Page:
ByAlex Leptos, writer at Creators.co
I like deep characters and thought provoking stories, Superheroes, Horror and World Cinema. Pro wrestling fan. Instagram: @alexleptos_art
Alex Leptos

For a film that's only thirteen minutes long, #TheBestOfIntentions (Han som ville henne så väl) packs quite a bit of depth and happenings in its two-character, single room setup.

The Best of Intentions comes to us from Swedish director, Emil Jonsson, in his directorial film debut. It stars Per Ragnar (#LetTheRightOneIn) and Jonsson himself, having been an actor for the past 15 years. The film has been featured at multiple film festivals around the world, including the Gothenburg International Film Festival, Palm Springs International Short Film Festival and the International Short Film Festival of Cyprus.

'Beyond This Door Is Another Dimension'

The short tells the story of a man by the name of Kjell (Ranger) — a father who believes that one of the workers in the care home where his mentally-disabled daughter is cared for, is sexually abusing his (not so) little girl. That worker is named Jocke (Jonsson), and when mercilessly confronted with accusations of sexual abuse, he becomes nervous and defensive, but still keeps his composure and refuses to back down.

The result is an awkward conversation between the two that is full of tension and emotion. It's dark and nail-biting as the details of this highly-volatile situation unfold and come to light — you find yourself unsure who to side with, building to a very effective finale. The film does a great job of making the viewer feel boxed into this situation with no escape, much like the characters (particularly Jocke) themselves. The Best of Intentions is described as being "in the vein of old #TwilightZone episodes" and it is just that.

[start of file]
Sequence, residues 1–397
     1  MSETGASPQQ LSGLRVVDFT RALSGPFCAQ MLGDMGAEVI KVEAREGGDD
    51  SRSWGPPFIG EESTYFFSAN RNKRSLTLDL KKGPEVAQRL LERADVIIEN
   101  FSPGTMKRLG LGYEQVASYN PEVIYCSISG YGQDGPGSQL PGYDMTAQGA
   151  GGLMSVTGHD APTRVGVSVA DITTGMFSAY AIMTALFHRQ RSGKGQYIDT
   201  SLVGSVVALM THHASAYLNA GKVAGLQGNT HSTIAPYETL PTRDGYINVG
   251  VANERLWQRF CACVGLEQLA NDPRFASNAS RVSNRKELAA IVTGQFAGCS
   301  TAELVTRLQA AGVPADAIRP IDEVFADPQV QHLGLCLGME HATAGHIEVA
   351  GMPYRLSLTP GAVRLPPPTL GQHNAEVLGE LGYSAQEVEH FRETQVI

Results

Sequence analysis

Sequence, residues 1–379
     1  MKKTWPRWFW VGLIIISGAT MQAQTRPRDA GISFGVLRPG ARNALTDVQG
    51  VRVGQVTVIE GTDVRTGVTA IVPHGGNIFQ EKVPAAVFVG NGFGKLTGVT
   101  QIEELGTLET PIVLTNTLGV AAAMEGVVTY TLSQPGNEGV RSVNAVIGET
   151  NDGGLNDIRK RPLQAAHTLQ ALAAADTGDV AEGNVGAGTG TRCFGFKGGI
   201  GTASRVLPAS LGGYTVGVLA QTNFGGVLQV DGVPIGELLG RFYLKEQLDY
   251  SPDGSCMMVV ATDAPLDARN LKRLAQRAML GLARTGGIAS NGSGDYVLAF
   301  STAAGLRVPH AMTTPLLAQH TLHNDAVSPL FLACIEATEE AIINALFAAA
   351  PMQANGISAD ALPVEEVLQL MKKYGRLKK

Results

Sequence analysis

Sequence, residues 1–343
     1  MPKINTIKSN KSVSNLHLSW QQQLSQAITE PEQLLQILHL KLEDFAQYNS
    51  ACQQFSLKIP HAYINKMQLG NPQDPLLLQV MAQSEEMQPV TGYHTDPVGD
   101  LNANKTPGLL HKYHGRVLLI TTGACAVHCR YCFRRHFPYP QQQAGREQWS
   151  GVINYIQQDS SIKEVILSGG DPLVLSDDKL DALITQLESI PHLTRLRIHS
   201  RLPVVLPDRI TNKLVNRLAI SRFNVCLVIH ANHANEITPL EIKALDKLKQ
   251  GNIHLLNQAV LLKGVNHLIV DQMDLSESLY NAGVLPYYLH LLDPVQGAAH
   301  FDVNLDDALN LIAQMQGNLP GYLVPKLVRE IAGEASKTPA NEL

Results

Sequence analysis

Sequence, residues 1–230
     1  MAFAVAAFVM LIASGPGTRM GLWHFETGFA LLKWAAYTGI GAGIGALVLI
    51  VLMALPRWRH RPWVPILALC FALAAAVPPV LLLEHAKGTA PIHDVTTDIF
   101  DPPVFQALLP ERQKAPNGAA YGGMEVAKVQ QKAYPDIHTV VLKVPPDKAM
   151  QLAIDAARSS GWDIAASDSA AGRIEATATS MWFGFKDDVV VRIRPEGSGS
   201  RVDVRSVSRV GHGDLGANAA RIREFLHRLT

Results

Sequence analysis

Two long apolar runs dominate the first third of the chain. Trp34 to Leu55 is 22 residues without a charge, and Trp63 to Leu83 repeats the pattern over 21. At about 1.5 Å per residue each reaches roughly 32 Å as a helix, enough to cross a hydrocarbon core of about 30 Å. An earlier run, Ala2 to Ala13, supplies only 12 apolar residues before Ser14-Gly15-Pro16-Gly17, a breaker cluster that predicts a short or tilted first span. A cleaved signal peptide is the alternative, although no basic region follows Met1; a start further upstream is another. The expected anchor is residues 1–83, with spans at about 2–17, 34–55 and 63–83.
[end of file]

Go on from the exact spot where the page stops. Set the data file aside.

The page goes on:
Both men put on fantastic performances. You can really get a sense of what they're both feeling through just their expressions with no need for dialogue. Kjell is great as the unforgiving and anger-fueled father, while Jocke shines as the "regular guy" care-worker who keeps his cool in the face of danger.

The Best of Intentions is an excellent debut for Emil Jonsson that tackles the themes of judgement and how love and emotions can cloud it. It explores rational vs. irrational thinking and love vs. commitment, the dangers of misunderstanding and mistrust and the dangers of assumption. The title alone should give you an indication of those themes. "Good Intentions" doesn't normally spell a good time.

Letting The Wrong One In

Most of the drama in The Best of Intentions comes from what is "not seen, but inferred," and the film is full of symbolism. The numb sounds of the score and the use of camera focus, noise and long still-shots focused on what seem like mundane objects help further immerse you into Kjell's broken and clouded mind.

One thing I particularly liked when it came to capturing those emotions came from the camera work — often using facial close ups, over-the-shoulder and lots of still, dynamic shots like something out of a comic book. The camera often focuses on the character who is the most emotionally at stake when something is being said, and this really helped sell the story and illustrate what both characters are going through.

I often find it difficult to become emotionally invested in a short film, but what's presented here not only had me invested — it has me still thinking about it hours later. I very much look forward to seeing what Jonsson does next.

Check out the film in its entirety below:

What are some of your favorite short horror films?